Open water swimming can present more challenges than just a regular swim in the pool. It's important to modify your technique and training to help you work with the many obstacles that come with swimming in currents and choppy water.
Steve Munatones is a swim coach and owner of openwatersource.com. He spends his days swimming and coaching open water swimming and knows just about everything there is to know about the sport and how to be successful in it.
If you're transitioning from the pool to open water, his open water swimming tips are a great place to start.
Focus on a Balanced Body
In open water, your environment is going to be anything but balanced. There are currents, waves and choppy waters so you need balance and to have a nice even stroke.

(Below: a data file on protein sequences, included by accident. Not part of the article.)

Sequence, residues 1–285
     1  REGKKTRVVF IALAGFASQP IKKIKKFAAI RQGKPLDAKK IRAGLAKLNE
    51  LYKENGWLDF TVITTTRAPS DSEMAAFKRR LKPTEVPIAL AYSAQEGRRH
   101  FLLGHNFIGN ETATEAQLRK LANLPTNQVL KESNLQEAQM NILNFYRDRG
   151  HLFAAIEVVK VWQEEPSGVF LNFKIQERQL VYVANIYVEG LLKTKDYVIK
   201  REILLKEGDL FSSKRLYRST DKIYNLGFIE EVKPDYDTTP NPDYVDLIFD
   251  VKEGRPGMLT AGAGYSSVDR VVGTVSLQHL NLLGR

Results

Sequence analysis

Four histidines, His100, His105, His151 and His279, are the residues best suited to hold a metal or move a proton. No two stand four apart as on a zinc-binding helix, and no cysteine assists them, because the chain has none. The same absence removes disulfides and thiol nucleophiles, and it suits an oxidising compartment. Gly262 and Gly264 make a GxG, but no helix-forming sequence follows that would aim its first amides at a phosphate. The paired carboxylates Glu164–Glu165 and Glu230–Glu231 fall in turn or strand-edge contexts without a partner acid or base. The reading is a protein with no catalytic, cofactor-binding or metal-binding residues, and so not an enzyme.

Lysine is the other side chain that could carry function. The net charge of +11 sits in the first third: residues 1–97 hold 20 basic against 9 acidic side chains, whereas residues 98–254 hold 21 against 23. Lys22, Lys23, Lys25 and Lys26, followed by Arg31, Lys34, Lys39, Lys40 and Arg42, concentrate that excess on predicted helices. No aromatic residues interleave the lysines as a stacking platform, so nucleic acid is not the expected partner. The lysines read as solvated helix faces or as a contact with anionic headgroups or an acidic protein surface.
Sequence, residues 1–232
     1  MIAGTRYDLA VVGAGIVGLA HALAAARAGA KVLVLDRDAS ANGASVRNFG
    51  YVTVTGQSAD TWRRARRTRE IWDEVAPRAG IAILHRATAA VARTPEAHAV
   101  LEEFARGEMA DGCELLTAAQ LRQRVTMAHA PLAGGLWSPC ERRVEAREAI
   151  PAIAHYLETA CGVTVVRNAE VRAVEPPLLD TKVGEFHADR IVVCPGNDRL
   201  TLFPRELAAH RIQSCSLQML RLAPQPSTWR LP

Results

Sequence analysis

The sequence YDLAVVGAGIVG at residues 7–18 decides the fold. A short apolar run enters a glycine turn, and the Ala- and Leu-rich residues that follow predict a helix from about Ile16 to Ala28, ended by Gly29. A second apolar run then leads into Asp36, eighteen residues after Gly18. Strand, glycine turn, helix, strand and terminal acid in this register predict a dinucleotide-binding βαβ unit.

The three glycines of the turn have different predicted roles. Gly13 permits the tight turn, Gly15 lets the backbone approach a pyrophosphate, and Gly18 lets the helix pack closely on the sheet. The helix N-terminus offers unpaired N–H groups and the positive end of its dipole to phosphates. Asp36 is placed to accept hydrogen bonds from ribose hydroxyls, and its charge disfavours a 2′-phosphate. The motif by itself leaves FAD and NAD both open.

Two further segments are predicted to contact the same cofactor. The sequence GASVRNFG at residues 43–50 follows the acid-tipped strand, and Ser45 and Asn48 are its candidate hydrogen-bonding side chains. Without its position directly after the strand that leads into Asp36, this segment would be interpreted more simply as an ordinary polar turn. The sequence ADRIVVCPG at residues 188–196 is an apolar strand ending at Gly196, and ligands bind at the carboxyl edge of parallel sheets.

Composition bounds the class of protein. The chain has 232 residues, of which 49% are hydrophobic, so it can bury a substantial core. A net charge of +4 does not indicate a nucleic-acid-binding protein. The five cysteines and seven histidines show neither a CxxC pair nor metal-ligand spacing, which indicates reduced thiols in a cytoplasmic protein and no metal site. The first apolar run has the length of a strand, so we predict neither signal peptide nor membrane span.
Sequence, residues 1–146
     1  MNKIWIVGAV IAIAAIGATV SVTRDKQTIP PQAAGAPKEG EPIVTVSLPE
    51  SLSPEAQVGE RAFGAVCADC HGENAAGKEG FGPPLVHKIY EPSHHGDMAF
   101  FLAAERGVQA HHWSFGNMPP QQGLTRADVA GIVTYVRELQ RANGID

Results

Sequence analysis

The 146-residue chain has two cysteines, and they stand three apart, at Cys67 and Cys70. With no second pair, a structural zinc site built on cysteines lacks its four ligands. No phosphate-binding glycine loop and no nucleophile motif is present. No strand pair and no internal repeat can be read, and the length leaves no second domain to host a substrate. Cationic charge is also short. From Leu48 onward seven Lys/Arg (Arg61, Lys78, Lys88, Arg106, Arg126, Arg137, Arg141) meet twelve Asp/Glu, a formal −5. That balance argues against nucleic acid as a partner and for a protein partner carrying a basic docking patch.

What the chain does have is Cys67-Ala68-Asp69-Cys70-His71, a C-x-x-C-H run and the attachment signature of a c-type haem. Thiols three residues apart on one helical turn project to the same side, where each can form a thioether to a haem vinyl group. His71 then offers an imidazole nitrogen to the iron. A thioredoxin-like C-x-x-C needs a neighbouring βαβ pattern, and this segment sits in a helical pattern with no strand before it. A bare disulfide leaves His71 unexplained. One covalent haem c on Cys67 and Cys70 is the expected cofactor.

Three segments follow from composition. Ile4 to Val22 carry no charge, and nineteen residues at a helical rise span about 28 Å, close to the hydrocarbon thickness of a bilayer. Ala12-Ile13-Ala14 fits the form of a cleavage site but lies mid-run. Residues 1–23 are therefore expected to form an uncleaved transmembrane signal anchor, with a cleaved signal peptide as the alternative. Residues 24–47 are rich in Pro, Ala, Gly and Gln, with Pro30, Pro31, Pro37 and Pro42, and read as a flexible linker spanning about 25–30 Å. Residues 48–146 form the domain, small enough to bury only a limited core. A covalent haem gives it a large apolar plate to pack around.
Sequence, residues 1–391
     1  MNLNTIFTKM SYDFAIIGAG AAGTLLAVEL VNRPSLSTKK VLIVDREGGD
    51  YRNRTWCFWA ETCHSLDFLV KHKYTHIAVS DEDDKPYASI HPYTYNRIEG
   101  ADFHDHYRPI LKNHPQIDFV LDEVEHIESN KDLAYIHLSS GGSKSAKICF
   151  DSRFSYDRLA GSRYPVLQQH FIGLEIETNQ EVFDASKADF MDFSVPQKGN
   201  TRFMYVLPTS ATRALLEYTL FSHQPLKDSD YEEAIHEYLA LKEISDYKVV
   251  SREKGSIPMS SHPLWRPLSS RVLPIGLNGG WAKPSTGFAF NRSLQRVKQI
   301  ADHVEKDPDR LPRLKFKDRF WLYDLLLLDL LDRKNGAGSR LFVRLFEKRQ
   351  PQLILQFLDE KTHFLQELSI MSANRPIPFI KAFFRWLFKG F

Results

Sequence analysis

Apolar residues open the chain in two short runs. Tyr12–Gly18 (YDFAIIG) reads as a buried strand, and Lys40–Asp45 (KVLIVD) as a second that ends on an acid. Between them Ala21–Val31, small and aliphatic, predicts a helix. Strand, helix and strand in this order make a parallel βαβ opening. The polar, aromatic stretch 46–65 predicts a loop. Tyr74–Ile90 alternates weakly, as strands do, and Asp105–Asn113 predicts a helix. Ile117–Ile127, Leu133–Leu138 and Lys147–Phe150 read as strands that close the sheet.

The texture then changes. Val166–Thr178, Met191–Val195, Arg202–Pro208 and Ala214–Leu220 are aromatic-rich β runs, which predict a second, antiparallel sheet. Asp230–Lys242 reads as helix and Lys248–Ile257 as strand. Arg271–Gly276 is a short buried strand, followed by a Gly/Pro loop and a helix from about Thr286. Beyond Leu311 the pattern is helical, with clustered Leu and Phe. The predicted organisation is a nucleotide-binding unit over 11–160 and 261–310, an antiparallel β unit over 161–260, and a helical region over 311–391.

"The most difficult thing for most new swimmers to do is to swim straight in the open water. This means that your propulsion from both your right arm and left should be equal," Munatones says. "While bilateral breathing is not an absolute requirement, it does help create a balanced stroke that enables you to swim straight when there are no lines, lanes or walls."
Munatones also cautions against the crossover kick many swimmers seem to develop. It causes swimmers to veer to the right or the left, wasting energy in open water.
To avoid this, pay attention to your kick as you practice in the pool and work to make it even. Focus on preventing your legs from crossing over one another as you rotate to breathe.
Keep a Look Out
While a head-down stroke is great in the pool, open water swimming doesn't allow for the same visibility. Modify your stroke in order to see where you're going and keep an eye on those around you in races.